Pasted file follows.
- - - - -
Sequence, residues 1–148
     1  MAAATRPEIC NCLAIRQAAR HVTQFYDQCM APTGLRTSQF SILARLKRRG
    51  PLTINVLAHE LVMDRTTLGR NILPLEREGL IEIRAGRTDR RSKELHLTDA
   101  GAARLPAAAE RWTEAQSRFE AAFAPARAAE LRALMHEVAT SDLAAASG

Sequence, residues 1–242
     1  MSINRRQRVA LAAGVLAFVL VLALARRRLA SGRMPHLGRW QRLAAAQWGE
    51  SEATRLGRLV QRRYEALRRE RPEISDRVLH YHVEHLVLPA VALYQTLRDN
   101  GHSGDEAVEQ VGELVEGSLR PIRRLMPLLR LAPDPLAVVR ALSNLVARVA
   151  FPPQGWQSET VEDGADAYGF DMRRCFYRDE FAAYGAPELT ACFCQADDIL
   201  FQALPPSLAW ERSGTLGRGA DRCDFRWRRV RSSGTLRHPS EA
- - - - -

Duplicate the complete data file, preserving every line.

Sequence, residues 1–148
     1  MAAATRPEIC NCLAIRQAAR HVTQFYDQCM APTGLRTSQF SILARLKRRG
    51  PLTINVLAHE LVMDRTTLGR NILPLEREGL IEIRAGRTDR RSKELHLTDA
   101  GAARLPAAAE RWTEAQSRFE AAFAPARAAE LRALMHEVAT SDLAAASG

Sequence, residues 1–242
     1  MSINRRQRVA LAAGVLAFVL VLALARRRLA SGRMPHLGRW QRLAAAQWGE
    51  SEATRLGRLV QRRYEALRRE RPEISDRVLH YHVEHLVLPA VALYQTLRDN
   101  GHSGDEAVEQ VGELVEGSLR PIRRLMPLLR LAPDPLAVVR ALSNLVARVA
   151  FPPQGWQSET VEDGADAYGF DMRRCFYRDE FAAYGAPELT ACFCQADDIL
   201  FQALPPSLAW ERSGTLGRGA DRCDFRWRRV RSSGTLRHPS EA